I was using Arista RC Grade 2 Semi-matte, rated at ISO 5 in the f250 workshop camera.  It was a sunny day, and direct sun seemed like an exposure I could repeat fairly reliably for comparison. I even metered it and it agreed with Mr. Pinhole and my standard chart for paper.  A minute.

Somewhat randomly, I decided to start with 2 minute development.

The first negative looked pretty good, but it struck me when I first looked at it that it was a bit underdeveloped. The blacks looked like they could get darker but, I could get a pretty good scan from it.

The next two negatives seemed a little lighter than I'd like, but I couldn't tell if it was a case of a difference in exposure or something to do with the development.

The fourth picture, I decided to go with what I thought would be a lower contrast subject. It was in the shade so the exposure was a lot longer, but I didn't measure it, I just guessed (based on the standard chart) that it was about three stops lower. After two minutes in the caffenol, I pulled it out of the developer and it looked really thin, and although I tell everyone to wait to judge a negative until you look at it in room light, I decided to see if more development time would bring out more detail, so I left it for another two minutes. The extra development time definitely made a difference. The blacks are blacker, but I thought I was starting to see staining on the unexposed portions.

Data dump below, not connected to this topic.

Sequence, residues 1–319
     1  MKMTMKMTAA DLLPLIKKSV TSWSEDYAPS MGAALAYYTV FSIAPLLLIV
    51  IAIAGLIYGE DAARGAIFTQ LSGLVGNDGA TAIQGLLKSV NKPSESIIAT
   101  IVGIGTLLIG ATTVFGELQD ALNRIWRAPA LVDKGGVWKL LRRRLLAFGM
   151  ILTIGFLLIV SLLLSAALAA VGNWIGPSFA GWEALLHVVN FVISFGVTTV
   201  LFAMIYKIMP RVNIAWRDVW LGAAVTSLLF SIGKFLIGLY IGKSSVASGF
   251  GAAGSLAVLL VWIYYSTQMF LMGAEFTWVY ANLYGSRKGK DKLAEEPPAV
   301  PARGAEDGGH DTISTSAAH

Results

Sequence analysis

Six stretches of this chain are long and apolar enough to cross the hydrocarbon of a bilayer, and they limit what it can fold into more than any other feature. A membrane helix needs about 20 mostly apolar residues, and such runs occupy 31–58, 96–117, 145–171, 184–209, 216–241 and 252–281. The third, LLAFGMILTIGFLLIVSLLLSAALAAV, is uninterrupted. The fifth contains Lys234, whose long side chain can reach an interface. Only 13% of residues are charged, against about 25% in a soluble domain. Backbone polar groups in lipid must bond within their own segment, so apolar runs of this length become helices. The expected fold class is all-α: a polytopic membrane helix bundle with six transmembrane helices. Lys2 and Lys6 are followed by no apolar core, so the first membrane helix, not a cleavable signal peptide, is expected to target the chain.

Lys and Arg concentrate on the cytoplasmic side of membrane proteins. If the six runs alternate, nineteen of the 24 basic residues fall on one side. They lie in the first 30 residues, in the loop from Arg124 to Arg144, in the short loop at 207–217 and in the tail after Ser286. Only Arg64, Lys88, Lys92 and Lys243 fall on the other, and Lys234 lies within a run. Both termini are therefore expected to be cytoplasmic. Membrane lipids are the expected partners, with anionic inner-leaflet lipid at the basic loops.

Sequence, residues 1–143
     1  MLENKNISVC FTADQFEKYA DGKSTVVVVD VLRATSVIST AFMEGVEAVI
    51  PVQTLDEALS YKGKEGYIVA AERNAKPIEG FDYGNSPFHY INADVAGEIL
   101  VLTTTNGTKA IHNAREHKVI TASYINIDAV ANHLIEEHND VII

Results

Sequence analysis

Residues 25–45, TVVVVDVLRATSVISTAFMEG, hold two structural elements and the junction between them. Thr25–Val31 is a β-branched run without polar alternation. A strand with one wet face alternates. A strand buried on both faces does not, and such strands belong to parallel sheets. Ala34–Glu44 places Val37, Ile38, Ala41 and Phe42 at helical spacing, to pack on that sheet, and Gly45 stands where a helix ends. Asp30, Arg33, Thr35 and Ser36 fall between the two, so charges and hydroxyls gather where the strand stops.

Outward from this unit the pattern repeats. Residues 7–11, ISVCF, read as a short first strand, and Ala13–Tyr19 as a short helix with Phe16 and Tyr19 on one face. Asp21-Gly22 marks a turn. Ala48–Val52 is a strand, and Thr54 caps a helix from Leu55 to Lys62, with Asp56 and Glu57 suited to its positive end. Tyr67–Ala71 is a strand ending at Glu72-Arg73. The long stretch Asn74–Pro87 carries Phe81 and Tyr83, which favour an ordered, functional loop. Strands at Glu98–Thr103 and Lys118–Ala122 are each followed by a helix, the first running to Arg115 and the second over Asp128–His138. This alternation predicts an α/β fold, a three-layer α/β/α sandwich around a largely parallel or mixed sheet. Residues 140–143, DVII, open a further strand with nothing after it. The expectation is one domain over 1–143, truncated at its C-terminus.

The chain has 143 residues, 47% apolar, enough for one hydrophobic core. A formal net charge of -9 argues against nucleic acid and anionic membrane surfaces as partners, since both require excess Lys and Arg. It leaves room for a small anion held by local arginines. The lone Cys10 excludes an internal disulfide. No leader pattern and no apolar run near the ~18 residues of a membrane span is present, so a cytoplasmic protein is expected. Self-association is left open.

I still got a pretty good scan out of it


I realized that by taking a photograph and developing it and then going back out when the lighting conditions were changing, I wasn't going to get any real comparison.  So I loaded three of the workshop cameras and took three successive shots at the same exposure, and then developed them for 2, 3, and 4 minutes.

The two minute does look a little underdeveloped to me.  The three minute seemed pretty good, and the four minute seemed to have even better shadow detail, but the highlights seemed to getting a bit blocked up.

My best scans of the three.

The first is a little lacking in shadow detail, but despite the differences in the negatives, the last two look pretty good to me. If I was going to do this regularly, I'd probably pick the middle one - three minutes.

So, can you develop paper in Caffenol? Yes. Does it affect the response of the paper? Not really too much. Does it stain the paper?  Yes, a little, and the longer developments showed a little more staining, but it still wasn't too bad, and might have controlled contrast a little.

I'm still not going to use it in the workshop in order to let the participants watch the image form, but it would work.